Officials tracing three cluster outbreaks of typhoid fever across Western Cape
Health officials are investigating four outbreaks of typhoid fever in South Africa in order to track down the potential sources of infection. The National Institute for Communicable Diseases (NICD) has reported three outbreaks in the Western Cape and one in the North West. Dr Juno Thomas from the NICD says although typhoid fever is common in South Africa; there has been a notable increase in transmission in some areas. Typhoid fever, also called enteric fever, is a bacterial infection that is caused by a bacterium called Salmonella typhi. It is spread by drinking contaminated water or eating contaminated food.
Experts have detected three different cluster outbreaks in the Western Cape; in the City of Cape Town, the Cape Winelands and the Garden Route.
Dr Thomas says cases have increased in the Western Cape in the past two years. In 2020, she says there were a total of 31 cases across the province. Last year, the number of cases rose to 48. This year, there are currently 64 cases. “There is this ongoing but low-level transmission because the number of cases overall for the Western Cape have not been huge.”
According to Dr Thomas, people who live in areas without proper water supply and sanitation infrastructure are at a greater risk.
The last major outbreak of typhoid fever in South Africa was in Delmas, Mpumalanga in 2005. It was caused by human waste in one of the boreholes.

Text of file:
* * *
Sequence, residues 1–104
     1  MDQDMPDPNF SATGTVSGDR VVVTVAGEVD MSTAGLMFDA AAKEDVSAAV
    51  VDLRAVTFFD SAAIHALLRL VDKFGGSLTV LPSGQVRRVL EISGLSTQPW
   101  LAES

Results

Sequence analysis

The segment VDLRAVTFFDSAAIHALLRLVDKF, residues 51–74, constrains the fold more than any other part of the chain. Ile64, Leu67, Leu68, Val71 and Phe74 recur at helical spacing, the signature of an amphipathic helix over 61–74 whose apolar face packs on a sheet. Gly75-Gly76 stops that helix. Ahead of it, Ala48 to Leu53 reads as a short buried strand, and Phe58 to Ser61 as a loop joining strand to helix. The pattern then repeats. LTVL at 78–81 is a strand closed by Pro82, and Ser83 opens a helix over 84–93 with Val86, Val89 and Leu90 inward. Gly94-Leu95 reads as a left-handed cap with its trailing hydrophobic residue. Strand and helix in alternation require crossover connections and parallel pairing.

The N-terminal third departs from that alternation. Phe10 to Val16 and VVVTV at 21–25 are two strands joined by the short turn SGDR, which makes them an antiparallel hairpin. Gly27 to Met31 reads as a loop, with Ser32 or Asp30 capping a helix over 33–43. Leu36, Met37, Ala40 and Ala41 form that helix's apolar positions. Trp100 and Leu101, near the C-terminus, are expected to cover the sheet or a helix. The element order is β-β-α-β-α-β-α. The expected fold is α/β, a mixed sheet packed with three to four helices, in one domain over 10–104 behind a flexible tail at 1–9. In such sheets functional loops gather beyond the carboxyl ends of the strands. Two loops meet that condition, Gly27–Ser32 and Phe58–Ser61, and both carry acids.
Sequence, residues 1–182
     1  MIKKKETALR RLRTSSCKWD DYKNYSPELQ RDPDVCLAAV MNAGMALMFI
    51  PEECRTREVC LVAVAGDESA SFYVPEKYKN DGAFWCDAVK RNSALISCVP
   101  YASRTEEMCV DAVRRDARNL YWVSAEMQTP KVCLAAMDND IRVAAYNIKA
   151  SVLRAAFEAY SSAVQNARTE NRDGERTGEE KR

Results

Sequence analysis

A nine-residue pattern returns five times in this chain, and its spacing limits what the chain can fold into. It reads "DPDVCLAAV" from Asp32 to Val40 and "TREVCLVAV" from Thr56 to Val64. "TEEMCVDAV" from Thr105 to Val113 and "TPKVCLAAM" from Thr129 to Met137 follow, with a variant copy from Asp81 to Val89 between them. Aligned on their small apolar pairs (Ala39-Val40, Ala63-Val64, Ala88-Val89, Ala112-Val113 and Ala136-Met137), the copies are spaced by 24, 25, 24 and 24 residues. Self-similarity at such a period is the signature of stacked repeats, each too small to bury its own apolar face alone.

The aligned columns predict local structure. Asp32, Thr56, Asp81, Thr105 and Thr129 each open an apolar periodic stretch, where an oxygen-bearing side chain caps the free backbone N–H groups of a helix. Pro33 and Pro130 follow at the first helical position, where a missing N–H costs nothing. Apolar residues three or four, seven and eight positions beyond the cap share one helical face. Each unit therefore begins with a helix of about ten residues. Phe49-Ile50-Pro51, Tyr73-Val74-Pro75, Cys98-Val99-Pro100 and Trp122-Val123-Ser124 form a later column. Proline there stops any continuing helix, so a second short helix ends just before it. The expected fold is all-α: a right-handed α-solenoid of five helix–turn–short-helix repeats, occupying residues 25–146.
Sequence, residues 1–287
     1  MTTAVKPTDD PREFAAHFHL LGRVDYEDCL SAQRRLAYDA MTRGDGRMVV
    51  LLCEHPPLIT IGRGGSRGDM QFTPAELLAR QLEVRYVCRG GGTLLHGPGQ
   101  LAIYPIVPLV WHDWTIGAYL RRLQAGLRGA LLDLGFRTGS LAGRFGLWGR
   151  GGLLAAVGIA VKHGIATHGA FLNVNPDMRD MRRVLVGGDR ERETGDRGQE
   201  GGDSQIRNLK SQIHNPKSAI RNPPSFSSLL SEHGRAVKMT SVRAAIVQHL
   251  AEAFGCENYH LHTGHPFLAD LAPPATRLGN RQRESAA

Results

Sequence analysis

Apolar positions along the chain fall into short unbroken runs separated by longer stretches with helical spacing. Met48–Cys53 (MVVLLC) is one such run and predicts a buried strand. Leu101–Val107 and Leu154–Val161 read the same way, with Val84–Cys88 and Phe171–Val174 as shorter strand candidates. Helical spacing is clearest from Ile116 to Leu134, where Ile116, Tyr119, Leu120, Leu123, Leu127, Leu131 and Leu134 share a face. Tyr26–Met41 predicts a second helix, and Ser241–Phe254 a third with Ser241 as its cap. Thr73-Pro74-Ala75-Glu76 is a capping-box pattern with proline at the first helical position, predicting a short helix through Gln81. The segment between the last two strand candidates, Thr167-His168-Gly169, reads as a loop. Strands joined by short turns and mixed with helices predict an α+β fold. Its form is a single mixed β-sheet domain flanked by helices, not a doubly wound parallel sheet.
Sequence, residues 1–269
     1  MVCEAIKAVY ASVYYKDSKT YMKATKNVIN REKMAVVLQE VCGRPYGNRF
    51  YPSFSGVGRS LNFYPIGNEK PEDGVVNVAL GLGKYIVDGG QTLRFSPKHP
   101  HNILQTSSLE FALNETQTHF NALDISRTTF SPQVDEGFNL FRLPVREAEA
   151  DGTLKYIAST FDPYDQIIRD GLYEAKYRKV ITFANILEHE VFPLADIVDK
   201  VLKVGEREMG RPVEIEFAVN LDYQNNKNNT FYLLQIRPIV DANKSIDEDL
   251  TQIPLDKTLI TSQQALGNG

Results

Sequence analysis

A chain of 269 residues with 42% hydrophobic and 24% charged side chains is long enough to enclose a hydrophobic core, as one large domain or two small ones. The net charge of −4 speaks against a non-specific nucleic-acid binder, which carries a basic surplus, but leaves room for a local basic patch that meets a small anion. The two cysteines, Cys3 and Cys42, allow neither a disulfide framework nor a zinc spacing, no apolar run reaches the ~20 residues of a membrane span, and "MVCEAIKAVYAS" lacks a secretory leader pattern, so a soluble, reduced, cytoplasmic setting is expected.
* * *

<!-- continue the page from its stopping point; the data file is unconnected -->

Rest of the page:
"It's not a dramatic outbreak like what we saw in Delmas but it does show us that there is some transmission happening within those communities that we've got the potential to investigate and perhaps address whatever sources there are for transmission", Thomas added.
She says officials can only monitor the ongoing transmission of typhoid fever by conducting blood culture tests on patients who are admitted to healthcare facilities where there is access to the necessary lab testing facilities.
Because many patients often present with flu-like symptoms, Thomas says that cases are going undiagnosed and healthcare professionals are not testing for it.
As a result, she believes that the number of reported cases does not accurately reflect the number of actual cases in the country. “If you aren't testing and you aren't diagnosing the cases, it means that it results in ongoing transmission.”
She added, “It's nothing new in the country. Like many other lower-middle-income countries, we have typhoid all-year-round across the country but every now and then we also get what we get clusters of diseases where there are perhaps more cases than we expected in a particular area amongst particular communities.”